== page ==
I hope you will; and it would look invidious to you and them so much as to mention what the great Apostle experienced, and declared-Gal. iv. 15. No, no; it is not from that quarter the discouragements I now mean, originate. They continue your warm and hearty friends ; are ready upon every occasion to show you all the respect and kindness in their power ; they like your preaching, and attend constantly at church ;-but-but, what are they the better for it? You are to them “ a lovely song, as one that plays well upon an ipstrument :” they hear your words ; but they do them not. You see some of them lying in wickedness, dead in trespasses and sins: your bowels yearn towards them; and you would fain pluck them as brands out of the burning. You pray earnestly, Sabbath after Sabbath, that the Lord would choose out acceptable words for you; and you come forth, sometimes with such terrors of the Lord as you fancy must make them tremble, and at other times
with such arguments of love as you think they never can resist. You think with yourselves, · Now surely they must feel : this sermon will have glorious success !'. But no such thing : not a single soul is affected by it; or if they are, it is but as the morning cloud or the early dew, which soon passes away. They are all love and zeal for'a little while: ! Oh, they would not but be Christians for the world! They will follow Christ whithersoever he goetb.'. And for a week or two—it may be for a year or two (if it hold sunshine and fair weather so long), they may keep up a tolerable decent appearance: but at length, when the novelty of religion is a little over, you see them drop off, like leaves in autumn. They take offence at some trifle or another, and away they go into the world again, and “walk no more with Jesus.”
Again-What! more discouragements yet? · When will you have done ? Our hearts are ready • to break at the prospect of those you have already * mentioned, and have we more to expect ? Yes indeed, there are more behind ; but they are such as, perhaps, after what you have heard already, you will not think worth heeding. I say then, you will meet with discouragement from the world.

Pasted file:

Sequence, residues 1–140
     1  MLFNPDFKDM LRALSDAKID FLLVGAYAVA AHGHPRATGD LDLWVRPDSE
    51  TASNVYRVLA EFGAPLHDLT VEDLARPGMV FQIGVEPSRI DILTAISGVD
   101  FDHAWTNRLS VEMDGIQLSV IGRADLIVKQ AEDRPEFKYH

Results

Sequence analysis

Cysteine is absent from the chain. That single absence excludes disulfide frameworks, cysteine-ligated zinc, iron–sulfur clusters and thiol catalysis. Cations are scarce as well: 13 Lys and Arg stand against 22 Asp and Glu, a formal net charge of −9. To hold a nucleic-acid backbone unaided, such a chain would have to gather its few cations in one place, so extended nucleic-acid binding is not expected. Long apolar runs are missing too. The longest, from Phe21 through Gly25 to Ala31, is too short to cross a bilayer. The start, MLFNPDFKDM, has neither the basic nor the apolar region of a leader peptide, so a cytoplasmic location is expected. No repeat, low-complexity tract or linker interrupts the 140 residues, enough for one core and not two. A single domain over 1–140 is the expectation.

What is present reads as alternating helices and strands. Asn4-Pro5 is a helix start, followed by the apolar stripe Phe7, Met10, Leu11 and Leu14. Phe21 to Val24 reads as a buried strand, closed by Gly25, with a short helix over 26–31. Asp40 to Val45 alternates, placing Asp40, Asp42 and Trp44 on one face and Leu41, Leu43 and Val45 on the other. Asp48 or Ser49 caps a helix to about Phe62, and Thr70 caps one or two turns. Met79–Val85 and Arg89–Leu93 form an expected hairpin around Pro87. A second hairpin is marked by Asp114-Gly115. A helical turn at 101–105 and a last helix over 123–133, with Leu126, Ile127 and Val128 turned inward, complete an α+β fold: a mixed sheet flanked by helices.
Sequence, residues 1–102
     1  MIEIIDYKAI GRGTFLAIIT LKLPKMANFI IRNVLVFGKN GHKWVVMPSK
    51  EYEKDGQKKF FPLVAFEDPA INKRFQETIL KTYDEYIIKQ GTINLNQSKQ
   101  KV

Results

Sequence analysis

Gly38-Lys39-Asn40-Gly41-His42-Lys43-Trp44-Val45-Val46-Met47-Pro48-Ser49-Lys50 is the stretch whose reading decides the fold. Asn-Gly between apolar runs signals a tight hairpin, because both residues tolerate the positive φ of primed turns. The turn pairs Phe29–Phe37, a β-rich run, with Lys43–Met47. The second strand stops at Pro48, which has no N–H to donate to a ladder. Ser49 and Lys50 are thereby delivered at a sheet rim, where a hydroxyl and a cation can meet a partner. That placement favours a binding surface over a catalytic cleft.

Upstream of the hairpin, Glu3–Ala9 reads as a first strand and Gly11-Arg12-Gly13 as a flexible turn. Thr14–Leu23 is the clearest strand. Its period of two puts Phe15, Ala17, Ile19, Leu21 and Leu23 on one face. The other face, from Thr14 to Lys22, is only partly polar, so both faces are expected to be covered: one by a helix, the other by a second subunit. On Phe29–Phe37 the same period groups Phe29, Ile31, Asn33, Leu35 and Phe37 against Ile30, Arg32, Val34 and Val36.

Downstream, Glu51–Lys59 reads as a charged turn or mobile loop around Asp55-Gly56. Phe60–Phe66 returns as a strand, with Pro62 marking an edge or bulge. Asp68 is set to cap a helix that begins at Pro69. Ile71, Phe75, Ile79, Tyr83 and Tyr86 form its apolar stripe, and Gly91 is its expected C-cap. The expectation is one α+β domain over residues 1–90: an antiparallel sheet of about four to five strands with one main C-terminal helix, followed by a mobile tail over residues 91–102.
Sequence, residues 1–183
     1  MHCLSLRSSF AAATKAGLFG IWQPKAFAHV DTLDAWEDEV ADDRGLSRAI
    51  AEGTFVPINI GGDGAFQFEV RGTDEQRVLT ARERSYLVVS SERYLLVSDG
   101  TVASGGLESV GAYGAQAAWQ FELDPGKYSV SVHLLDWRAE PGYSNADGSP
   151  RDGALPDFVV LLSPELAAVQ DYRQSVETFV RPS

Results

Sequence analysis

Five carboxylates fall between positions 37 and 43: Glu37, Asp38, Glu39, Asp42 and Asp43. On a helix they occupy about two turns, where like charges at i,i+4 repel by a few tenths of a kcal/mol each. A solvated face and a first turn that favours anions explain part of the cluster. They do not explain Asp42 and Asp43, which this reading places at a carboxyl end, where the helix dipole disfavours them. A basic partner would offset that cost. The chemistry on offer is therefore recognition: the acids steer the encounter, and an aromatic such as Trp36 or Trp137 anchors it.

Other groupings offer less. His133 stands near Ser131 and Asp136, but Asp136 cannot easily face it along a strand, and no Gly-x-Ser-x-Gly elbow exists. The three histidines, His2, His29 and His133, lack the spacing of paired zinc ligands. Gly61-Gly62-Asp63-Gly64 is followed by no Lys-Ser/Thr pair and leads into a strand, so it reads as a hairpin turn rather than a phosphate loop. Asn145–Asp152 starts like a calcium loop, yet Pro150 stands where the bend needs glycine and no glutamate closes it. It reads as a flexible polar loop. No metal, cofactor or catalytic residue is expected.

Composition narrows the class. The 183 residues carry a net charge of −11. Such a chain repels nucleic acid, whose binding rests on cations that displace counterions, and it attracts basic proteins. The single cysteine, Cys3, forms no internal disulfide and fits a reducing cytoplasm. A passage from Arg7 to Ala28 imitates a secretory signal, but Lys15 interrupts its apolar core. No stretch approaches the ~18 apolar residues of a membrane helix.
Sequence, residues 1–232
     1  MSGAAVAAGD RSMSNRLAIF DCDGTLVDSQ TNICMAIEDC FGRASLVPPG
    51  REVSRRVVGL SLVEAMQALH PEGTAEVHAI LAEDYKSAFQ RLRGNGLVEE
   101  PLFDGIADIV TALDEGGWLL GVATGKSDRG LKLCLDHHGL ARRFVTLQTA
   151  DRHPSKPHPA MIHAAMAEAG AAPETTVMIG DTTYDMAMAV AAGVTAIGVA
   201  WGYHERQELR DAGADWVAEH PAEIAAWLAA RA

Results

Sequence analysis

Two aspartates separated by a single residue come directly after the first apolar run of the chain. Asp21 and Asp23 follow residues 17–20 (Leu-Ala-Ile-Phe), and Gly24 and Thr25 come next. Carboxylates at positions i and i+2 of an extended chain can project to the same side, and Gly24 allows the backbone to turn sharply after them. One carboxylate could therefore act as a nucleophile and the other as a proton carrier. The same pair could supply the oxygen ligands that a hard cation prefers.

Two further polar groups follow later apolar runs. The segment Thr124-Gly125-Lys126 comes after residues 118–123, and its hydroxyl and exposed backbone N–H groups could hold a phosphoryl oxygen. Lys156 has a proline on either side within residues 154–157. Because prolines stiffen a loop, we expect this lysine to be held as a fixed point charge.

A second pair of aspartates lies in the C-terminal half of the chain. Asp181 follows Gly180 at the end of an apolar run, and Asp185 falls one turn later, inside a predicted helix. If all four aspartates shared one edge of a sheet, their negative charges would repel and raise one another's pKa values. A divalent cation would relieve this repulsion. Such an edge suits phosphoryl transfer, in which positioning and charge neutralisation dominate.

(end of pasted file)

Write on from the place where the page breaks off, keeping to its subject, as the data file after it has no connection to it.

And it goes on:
There have been times when a minister, like a soldier, carried his life in his hand ; when his love and loyalty to his divine Master were put to the severest trial; and when it was no unfrequent thing for a minister to go from the pulpit to: a prison, and from the prison to a stake. That was a trying time indeed. What a poor figure should we make, if such times were to come over again! Through the good providence of God, I have
no need to fortify you against such discouragements as these.
Bút, since those days of fire and faggot, there have been times when faithful ministers have been reduced to say, with the Apostle, “ Lo, we have Teff all, and followed thee.” They were not permitted to continue their ministry among their beloved people, nor enjoy the emoluments belonging thereto, without such compliances as their consciences would not allow of. That, too, was an awful period in British history, when above two thousand learned, laborious, and useful ministers, were separated from their flocks; deprived of their estates; plundered of their goods; driven from their families; and many of them forced to fly into foreign countries, to avoid a jail at home. I hope I need not insist upon this neither. We have long enjoyed the benefit of a toleration : and it was a saying of his late Majesty, and hath been heard and adopted by our present Sovereign, · That no person should be molested for his religion while he sat upon the throne.'--I will not suppose that you are likely to meet with any such discouragements.
But there are others, which perhaps you may not entirely escape. There is, for example, the trial of cruel mockings; which, in many cases, is almost as hard to be borne as bonds and imprisonment. When your hearts have been warmed with zeal for Christ, and compassion to precious, perishing souls; and you haveexerted yourselves with unusual vehemence in beseeching sinners to be reconciled to God; for one and another to turn off with a sneer, and endeavour to draw off others too, with a... What will this babbler say? He bath a devil, and is mad: